The withdrawal of Robert Torricelli from the New Jersey senate race after the legal deadline set a precedent that was rather confused in its effect. The New Jersey Democratic Party sought to replace Torricelli, who won his party’s primary, with Frank Lautenberg, who was chosen by the party hierarchy. The New Jersey courts allowed the switch. The US Supreme Court, showing a restraint absent from Florida two years ago, decided not to intervene. Lautenberg will be on the ballot.
The whole affair was a circus, naturally. Republican candidate Doug Forrester argued correctly that the deadline had passed and a law was a law, when it was clear from his tone that he had his heart set on winning without opposition, and that he was now desperate to preserve this state; he absurdly claimed the existence of a “Lautenberg-Torricelli machine”. The Democrats argued correctly that the voters of New Jersey should be given a real choice, but of course the argument was entirely self-serving and hinged on the pretense that Torricelli’s withdrawal was not orchestrated for just such a replacement.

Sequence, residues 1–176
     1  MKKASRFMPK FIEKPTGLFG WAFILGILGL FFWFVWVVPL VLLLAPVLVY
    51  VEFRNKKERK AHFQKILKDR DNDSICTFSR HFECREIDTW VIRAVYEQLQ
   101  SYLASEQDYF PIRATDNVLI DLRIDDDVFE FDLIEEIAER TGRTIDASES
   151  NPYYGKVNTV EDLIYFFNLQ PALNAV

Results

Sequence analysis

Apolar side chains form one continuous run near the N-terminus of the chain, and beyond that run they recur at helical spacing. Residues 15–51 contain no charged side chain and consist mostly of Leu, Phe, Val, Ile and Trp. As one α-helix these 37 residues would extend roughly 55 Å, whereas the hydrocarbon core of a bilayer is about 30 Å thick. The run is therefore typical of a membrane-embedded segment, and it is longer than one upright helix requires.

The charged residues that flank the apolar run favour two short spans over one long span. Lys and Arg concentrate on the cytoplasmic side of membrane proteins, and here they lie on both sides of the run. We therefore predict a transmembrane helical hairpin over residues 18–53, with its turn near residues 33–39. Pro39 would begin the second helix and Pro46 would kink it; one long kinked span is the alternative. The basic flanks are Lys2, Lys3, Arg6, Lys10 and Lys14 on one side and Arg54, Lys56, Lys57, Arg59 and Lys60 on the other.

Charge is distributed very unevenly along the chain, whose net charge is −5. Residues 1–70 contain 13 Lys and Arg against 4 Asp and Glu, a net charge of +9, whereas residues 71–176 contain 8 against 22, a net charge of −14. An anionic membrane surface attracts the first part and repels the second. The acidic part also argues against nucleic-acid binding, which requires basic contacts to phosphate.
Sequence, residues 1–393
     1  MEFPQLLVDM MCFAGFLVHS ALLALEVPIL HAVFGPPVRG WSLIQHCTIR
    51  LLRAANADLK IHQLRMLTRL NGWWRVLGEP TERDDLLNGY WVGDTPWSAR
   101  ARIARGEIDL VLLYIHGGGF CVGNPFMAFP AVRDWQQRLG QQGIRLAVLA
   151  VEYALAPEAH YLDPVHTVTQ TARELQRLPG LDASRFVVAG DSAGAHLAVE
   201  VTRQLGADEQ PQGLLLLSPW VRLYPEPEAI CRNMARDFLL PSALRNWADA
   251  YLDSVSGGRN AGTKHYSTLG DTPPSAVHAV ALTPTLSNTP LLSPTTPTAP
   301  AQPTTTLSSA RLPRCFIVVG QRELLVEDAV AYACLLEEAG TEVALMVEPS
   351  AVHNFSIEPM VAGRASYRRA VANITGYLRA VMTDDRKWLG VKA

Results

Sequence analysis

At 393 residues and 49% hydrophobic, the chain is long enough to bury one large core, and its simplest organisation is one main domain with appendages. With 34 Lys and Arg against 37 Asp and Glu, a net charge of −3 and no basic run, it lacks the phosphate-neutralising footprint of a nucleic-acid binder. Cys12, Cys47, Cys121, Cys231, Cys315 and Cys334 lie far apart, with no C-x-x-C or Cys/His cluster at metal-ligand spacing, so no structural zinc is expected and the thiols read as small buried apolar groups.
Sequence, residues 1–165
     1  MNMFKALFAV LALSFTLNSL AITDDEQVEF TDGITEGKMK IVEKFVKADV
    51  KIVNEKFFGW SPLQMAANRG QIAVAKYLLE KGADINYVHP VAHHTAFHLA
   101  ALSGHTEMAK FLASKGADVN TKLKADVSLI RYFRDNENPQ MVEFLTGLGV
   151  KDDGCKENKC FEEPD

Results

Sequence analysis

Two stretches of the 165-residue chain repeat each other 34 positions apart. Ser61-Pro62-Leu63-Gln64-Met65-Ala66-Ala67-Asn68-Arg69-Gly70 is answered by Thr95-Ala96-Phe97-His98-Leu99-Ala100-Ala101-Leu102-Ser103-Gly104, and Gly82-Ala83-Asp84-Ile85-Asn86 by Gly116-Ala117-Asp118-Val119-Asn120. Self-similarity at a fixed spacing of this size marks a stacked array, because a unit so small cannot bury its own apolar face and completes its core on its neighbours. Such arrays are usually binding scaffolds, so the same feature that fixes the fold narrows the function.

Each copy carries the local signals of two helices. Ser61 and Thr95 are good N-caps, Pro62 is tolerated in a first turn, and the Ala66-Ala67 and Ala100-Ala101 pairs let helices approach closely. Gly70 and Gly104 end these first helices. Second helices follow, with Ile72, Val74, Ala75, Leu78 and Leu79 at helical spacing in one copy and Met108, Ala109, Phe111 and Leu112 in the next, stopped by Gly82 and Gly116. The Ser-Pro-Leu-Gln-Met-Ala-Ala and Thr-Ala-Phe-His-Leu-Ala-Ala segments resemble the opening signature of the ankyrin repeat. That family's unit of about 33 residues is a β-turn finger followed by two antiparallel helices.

And immediately the Democrats in Hawaii, who had hitherto been calling for a vote for the popular, and dead, Patsy Mink, attempted to get her name replaced on the ballot. And Republican Mike Taylor in Montana, trailing badly, dropped out with the hopes of being replaced, complaining because the Democrats had shown old footage of him looking ridiculous, as we all have at one point. Claiming a local autonomy that we all know doesn’t exist, the various state parties then began perverting the arguments from the New Jersey case, trying to have it all ways. A plague o’ both their houses.